A system will even allow the audience to watch dense visualizations showing the seven super computers, working at lightning fast speed, both in person at the 5,000-person Paris Hotel & Conference Center, and online.
“We get data for all these interactions that are happening and we’ve turned it into a big picture view that I like to think of as a three-ring or more accurately a seven-ring circus,” Matt Wynne, a designer with VoidAlpha a computer simulation firm said. The firm is pairing with Vector35, a company that was founded by former Capture The Flag junkies, to develop real-time visualization techniques to complement the competition Thursday night.
DARPA gave teams two years to fine tune their systems after paring the field down from the 104 teams that initially registered. The agency ultimately selected seven teams from the 28 that made the qualifying round in 2014 to appear in this week’s CGC finals.
One of the systems, Rubeus, put together by a group of engineers at Raytheon codenamed Deep Red, got the highest performance score in the qualifying round and was even able to improve its memory usage over time.
For many groups, in addition to beating the competition and winning the coveted prize money, the competition serves as an opportunity to find real life parallels, especially in the IoT spectrum, to their research.
“As more devices get connected to networks, the attack surface is growing so large that it’s impossible for people alone to close every gap,” Jack Harrington, VP, Cybersecurity and Special Missions, Raytheon IIS said, “The automated cybersecurity technologies coming out of our cyber centers and the DARPA competition are the first step toward having machines actively protect themselves.”
For Dr. David Brumley, CEO of ForAllSecure, a team forged through connections made at Carnegie Mellon University, it’s all about ensuring civilians can one day verify that the software in their connected devices is safe.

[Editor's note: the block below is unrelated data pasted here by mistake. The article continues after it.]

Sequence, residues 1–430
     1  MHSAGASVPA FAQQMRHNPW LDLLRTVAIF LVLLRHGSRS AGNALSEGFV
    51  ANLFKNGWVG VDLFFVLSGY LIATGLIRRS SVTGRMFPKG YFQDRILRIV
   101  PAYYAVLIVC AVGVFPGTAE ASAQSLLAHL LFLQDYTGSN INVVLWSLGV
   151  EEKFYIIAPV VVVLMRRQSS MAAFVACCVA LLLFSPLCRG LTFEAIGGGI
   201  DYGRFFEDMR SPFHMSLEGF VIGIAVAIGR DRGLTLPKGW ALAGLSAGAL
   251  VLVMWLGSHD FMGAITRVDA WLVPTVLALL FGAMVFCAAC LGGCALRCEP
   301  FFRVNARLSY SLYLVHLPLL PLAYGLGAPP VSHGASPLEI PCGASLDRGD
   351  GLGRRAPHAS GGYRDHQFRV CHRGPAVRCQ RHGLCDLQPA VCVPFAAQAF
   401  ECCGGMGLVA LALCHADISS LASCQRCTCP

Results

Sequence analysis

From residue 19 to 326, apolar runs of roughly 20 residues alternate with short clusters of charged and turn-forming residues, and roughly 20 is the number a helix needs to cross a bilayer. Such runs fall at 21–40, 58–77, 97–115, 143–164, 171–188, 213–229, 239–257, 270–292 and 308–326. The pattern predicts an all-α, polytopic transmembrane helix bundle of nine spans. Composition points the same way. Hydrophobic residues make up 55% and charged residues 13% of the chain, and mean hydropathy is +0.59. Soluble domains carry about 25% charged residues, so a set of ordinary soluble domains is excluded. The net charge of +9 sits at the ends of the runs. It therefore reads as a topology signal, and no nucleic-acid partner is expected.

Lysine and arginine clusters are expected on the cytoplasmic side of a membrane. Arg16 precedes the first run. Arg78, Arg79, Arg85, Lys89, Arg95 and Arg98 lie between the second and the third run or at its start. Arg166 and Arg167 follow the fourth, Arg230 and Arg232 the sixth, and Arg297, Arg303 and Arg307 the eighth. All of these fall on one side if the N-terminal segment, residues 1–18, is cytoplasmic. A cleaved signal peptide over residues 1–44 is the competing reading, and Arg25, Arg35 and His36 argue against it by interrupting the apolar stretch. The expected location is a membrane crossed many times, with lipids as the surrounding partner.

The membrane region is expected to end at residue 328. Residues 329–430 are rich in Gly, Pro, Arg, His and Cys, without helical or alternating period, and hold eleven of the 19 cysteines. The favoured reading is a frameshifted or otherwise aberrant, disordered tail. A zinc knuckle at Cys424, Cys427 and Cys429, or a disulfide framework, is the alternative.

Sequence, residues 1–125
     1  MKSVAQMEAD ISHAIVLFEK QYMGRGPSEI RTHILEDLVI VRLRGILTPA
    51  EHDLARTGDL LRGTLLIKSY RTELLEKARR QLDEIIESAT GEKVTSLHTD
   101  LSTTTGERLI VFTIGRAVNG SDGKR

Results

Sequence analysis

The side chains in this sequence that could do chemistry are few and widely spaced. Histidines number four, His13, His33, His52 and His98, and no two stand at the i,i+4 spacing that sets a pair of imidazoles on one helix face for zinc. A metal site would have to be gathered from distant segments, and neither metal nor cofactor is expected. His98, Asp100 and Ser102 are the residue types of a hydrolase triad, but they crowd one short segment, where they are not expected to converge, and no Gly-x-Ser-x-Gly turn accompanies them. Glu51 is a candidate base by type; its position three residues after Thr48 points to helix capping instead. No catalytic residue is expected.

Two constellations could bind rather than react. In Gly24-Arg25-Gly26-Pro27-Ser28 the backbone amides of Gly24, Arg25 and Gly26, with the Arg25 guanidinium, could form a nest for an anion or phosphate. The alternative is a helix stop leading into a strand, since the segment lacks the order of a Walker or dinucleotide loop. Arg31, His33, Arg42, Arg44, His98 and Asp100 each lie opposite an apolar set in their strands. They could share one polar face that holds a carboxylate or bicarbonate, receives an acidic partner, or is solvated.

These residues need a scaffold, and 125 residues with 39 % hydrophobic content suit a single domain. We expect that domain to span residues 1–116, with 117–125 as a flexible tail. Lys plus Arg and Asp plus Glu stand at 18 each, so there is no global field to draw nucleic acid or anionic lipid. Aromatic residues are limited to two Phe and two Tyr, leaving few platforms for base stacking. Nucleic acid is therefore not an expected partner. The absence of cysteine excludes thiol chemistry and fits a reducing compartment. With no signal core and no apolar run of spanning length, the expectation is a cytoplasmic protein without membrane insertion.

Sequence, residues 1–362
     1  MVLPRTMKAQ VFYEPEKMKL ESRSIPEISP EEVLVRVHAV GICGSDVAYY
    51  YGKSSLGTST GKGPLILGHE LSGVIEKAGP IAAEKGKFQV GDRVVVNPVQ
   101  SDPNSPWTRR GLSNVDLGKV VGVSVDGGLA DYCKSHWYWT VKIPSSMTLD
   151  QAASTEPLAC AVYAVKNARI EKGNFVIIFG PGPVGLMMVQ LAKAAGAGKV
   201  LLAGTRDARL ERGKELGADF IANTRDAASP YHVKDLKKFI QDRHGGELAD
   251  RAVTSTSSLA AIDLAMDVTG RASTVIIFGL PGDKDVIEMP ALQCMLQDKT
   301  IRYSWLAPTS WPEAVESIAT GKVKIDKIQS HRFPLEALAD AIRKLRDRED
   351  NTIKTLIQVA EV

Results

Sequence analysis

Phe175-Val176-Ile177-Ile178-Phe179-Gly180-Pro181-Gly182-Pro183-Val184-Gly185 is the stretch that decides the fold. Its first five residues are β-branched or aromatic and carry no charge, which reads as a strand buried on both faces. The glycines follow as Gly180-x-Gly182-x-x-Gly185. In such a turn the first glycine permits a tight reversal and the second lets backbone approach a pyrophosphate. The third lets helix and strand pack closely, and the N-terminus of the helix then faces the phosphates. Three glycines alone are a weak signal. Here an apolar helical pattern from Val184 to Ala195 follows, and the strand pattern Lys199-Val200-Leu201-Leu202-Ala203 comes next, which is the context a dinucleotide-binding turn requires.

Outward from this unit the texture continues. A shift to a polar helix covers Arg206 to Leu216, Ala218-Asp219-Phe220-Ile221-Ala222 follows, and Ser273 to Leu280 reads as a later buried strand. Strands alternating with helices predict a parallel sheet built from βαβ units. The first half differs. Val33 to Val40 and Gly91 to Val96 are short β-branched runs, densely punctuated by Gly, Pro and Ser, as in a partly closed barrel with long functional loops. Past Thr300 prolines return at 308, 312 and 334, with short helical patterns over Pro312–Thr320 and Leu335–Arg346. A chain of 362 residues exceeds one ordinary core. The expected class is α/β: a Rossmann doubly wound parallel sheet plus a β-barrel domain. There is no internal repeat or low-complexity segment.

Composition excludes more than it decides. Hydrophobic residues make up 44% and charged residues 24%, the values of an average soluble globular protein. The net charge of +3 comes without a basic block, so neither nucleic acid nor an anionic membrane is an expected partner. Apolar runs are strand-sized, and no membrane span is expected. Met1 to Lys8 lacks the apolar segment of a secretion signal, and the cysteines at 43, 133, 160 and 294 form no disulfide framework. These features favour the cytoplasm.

“For me personally, I want to make sure that everyone can check the security of the software they’re using. I want to make sure that the person who buys a smart refrigerator knows that it’s not going to be a new avenue for someone to steal their new credit card number,” Brumley said.
Giovanni Vigna, a University of California Santa Barbara professor who is leading Shellphish, a group of students from the school’s SecLab hacking team, told Threatpost that the past few weeks leading up to the Cyber Grand Challenge have been brutal for his team.
“It has been an excruciating month. The whole team has been working days and nights (mostly nights!) to get this done. Everybody is really excited (and exhausted). This is a very first for everyone involved. Nobody thought it would take so much work,” Vigna said.
Shellphish’s speciality is binary analysis. Python framework the group came up with dubbed Angr is composed of algorithms that can analyze firmware in small devices, smart locks and other IoT devices, like lightbulbs and cameras.
After putting so much work into their system, Mechanical Phish, Vigna hopes things go accordingly Thursday night.
“We are terrified that a small mistake might just crash the system and completely put us out of the game. It would be a bummer after so much work. It would be like being a self-driving car for months only to see it falling into a ditch 10 yards after the start.